Craft Supply Store

Cheap, bustling, and colorful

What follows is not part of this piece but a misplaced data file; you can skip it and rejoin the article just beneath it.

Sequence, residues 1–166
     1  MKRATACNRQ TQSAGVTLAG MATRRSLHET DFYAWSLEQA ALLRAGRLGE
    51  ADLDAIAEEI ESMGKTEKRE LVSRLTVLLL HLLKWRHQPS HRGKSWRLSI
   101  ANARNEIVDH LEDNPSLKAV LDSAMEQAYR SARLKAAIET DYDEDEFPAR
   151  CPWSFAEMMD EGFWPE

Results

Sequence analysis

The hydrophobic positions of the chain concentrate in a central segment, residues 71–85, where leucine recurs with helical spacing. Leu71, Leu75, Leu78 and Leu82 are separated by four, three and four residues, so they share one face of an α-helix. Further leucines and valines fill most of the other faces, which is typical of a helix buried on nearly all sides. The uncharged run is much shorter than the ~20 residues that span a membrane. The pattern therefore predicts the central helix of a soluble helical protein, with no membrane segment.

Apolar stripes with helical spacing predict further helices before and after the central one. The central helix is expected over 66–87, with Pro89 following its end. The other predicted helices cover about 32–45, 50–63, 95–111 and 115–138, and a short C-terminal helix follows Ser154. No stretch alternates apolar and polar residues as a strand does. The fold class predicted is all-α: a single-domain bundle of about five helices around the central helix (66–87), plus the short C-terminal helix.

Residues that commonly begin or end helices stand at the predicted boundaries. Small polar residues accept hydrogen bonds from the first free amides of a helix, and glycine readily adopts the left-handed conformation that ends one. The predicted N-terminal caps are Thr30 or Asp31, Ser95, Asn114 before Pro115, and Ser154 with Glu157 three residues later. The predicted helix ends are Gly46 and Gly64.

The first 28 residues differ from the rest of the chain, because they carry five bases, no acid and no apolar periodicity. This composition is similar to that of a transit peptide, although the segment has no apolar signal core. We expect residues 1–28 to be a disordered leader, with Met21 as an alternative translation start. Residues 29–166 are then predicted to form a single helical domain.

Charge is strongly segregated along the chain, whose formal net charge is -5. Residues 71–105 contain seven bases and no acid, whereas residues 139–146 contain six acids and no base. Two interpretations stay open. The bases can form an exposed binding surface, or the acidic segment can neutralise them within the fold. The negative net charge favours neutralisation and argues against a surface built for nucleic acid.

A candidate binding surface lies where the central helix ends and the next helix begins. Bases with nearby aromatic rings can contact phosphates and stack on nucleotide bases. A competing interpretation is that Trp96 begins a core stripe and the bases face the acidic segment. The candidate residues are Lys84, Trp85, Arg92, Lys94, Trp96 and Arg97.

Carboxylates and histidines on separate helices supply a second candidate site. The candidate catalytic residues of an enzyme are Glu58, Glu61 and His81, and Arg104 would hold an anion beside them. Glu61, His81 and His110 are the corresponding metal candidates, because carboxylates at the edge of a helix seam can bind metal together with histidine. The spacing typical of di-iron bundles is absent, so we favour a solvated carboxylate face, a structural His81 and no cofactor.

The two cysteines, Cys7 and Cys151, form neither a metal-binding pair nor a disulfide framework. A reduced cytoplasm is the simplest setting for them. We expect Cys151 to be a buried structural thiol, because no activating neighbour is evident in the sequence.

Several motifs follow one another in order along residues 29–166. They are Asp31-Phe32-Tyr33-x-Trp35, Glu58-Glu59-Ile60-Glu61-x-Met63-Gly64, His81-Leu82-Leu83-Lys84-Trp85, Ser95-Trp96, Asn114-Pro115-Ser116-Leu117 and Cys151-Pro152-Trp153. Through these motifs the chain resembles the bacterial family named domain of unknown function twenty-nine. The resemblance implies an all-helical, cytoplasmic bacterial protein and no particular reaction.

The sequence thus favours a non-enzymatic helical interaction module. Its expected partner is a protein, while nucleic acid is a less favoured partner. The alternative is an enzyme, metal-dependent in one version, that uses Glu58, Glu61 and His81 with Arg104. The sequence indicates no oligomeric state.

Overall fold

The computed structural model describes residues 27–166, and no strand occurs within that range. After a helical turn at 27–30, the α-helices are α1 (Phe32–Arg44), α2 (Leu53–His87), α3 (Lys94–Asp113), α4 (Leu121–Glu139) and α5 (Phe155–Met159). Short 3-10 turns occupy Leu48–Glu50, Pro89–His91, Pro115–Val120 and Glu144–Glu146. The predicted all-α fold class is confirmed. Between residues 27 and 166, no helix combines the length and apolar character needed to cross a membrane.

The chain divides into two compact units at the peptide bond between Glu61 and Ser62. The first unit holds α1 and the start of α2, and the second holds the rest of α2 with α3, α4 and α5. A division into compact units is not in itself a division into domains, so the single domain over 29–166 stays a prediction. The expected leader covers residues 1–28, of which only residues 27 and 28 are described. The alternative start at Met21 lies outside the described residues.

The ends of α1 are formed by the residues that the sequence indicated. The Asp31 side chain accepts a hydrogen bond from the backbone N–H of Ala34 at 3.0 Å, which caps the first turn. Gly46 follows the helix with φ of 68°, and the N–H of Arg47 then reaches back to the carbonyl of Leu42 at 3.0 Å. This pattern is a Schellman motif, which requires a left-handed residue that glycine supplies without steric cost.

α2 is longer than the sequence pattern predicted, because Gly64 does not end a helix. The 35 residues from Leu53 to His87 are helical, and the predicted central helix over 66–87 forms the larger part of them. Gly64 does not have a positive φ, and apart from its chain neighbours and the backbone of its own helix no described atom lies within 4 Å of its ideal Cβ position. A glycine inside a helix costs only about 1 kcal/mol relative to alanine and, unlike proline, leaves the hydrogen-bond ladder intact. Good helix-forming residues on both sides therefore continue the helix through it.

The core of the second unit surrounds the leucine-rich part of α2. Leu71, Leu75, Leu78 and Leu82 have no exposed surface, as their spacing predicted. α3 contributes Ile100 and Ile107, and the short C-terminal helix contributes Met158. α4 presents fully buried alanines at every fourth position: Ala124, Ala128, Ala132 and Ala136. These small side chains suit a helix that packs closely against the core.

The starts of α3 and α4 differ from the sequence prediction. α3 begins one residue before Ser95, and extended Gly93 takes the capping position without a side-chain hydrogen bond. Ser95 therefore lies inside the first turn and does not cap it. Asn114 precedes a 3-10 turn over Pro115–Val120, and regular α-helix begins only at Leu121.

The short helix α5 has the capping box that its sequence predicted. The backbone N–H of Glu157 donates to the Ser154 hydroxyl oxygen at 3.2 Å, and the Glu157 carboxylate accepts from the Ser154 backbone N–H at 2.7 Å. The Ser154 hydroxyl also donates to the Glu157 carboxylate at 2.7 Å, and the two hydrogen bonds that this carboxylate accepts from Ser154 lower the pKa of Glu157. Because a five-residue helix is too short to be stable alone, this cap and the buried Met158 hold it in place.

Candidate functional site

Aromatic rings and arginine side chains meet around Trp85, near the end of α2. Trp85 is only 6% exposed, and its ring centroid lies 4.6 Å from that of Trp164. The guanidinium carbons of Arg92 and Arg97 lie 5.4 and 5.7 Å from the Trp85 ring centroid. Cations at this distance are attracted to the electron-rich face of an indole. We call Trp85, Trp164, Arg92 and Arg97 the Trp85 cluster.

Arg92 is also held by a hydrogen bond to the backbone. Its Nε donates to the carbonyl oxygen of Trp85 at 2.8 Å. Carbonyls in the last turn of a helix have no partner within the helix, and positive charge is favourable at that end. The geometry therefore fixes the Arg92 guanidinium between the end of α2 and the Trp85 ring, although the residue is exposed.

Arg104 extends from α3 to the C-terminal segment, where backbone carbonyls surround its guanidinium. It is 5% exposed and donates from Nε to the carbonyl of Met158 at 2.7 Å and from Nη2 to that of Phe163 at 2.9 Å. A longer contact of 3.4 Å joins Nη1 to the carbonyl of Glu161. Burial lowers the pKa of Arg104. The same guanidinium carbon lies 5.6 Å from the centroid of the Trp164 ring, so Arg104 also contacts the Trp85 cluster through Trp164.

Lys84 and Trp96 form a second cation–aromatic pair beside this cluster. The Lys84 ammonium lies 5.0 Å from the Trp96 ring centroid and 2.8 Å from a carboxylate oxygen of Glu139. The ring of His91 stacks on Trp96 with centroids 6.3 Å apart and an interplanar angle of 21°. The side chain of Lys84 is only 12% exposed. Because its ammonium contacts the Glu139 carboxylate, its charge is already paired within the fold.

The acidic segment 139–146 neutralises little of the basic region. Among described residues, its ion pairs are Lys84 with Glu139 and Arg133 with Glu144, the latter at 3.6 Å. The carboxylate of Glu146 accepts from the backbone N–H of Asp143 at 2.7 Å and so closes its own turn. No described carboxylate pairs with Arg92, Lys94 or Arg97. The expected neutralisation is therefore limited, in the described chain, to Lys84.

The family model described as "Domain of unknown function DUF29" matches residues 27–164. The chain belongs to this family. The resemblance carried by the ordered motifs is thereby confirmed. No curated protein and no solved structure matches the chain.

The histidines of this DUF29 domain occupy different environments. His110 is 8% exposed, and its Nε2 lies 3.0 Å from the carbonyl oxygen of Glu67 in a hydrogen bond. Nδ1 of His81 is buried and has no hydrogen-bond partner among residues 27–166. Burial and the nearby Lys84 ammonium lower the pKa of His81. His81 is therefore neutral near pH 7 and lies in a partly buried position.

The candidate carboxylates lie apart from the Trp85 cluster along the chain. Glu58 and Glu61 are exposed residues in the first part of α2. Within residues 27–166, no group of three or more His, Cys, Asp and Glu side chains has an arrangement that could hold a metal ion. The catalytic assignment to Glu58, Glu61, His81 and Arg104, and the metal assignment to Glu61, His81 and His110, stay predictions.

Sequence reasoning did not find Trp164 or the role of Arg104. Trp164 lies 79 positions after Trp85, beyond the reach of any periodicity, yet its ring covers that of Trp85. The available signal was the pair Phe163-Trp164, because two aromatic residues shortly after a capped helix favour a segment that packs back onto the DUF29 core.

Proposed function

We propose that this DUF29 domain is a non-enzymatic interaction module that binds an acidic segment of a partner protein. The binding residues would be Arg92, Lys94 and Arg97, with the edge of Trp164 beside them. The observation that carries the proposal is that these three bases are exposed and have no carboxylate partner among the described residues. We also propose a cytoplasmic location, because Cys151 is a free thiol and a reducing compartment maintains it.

Glo's Even if you attempt to avoid the crowds by going to this small, bustling hot spot for midweek lunch, prepare to wait outside with a slew of sleepy-headed hipsters. They know, despite this diner's unfussy aesthetic, Glo's is the source for one fantastic eggs Benedict. The tiny kitchen operates like a busy craft store. From what looks like an oversupply of raw materials—check out the racks and racks of eggs—comes what might seem an incongruous creation. A pair of perfectly poached eggs will arrive smothered in a lemony, highly buttery Hollandaise sauce, two near spheres decorated with exact slivers of black olive. In anticipation of this pleasure, you'll happily sip your mug of strong coffee outside in the drizzle. Other pleasures await: thick-cut slices of French toast, well-spiced roasted potatoes, and pancakes studded with bananas, hazelnuts, and chocolate chips. A chain supply store it's not, but this mirror-walled enclave crafts many a fine ode to the egg. ADRIANA GRANTServes: breakfast, lunch. 1621 E. Olive Way, 324-2577. CAPITOL HILL $ Homestyle Hong Kong Cafe Homestyle HK actually looks more like a paint-your-own-ceramic store than a shop for craft supplies, because the room is set up to be scrubbed down, with plain tile floors and stainless-steel tables, with not a stainable, char-able surface in the place. The reason for the workshop furnishings becomes apparent when you look around at all the tinfoil-covered clay pots on the tables. Half contain rice porridge, the other half baked rice with toppings like pork and preserved cabbage or seafood with XO sauce. The waiters carefully bring each bowl from the oven to your table, lifting off the top when it arrives so you can suck in every plume of steam the bowl contains. Your task is to pour over a dish of soy sauce and then stir up, letting the rice bake onto the pot so it gets all brown and crispy (say a quick prayer of thanks to the dishwashers before you dig in). Diligently working away at their own bowls are hordes of lunchers, who supplement their labors with boiled shrimp and leek dumplings and bowls of skinny egg noodles in a delicate chicken broth (the versions with fish balls or braised short ribs are my favorite). At less than $8 a pop, this ain't banquet food—it's homestyle. JONATHAN KAUFFMANServes: lunch, dinner. 615 S. King St., 748-9168. INTERNATIONAL DISTRICT $ Pho Bac While Pho Bac's fairly limited menu is a far cry from Ben Franklin's aisle after aisle of Popsicle sticks, glitter tubes, and googly eyes, the interiors of both of Pho Bac's I.D. locations appear as though that's where the decor was sourced. The plates accompanying the pho are garnished with piles of crisp, watery bean sprouts and fresh basil, while the walls are covered in artificial ivy and lined with fake floral arrangements. The menus vary according to location—12th and Jackson is limited to the Vietnamese beef-noodle soup alone, while Seventh Avenue adds apps like spring rolls and a greater variety of noodle and stir-fry rice dishes. But the two restaurants are clearly related, evidenced by their similar strands of white Christmas lights and seat coverings that share the same snowflake-and-leaf pattern. The decor, despite the owners' best intentions, may be a bit thin, but the broth is far from it. Rich, meaty, and full of delicate rice noodles, the soup is some of the best in town. Slurping it can cure what ails you, whether it's a hangover or that pesky late-season flu bug. AJA PECKNOLDServes: lunch, dinner. 415 Seventh Ave S., 621-0532; 1314 S. Jackson St., 323-4387. INTERNATIONAL DISTRICT $ Seattle Deli Seattle Deli gives me some sense of what my craftiest friend feels when we stop in at the yarn store on Pike Street. I loop around the room once and then stand by the door while he spends 45 minutes meandering around with other daydreaming knitters, feeling up blobs of wool or plotting grandiose projects around a skein of embroidery floss. The moment I step into the Vietnamese deli, I start drooling at all the prospects it offers. Should I paw through the stacks of sticky-rice desserts and fresh spring rolls, or ask the woman behind the counter to dish me up sweetened beans and coconut milk for a glass of che? Should I add a puffy fried bread to my order, just to see what it tastes like? What would I cook with the tubes of bright-red sausage or the cotton-candy-like shredded meat in the refrigerator case? Some days I fill a grocery bag with a day's worth of, um, projects. Other days, reality sets in, and I ask the sandwich maker to fix up one of what I think are the city's best barbecued-pork banh mi. JONATHAN KAUFFMANServes: breakfast, lunch. 225 12th Ave. S., 328-0106. INTERNATIONAL DISTRICT $

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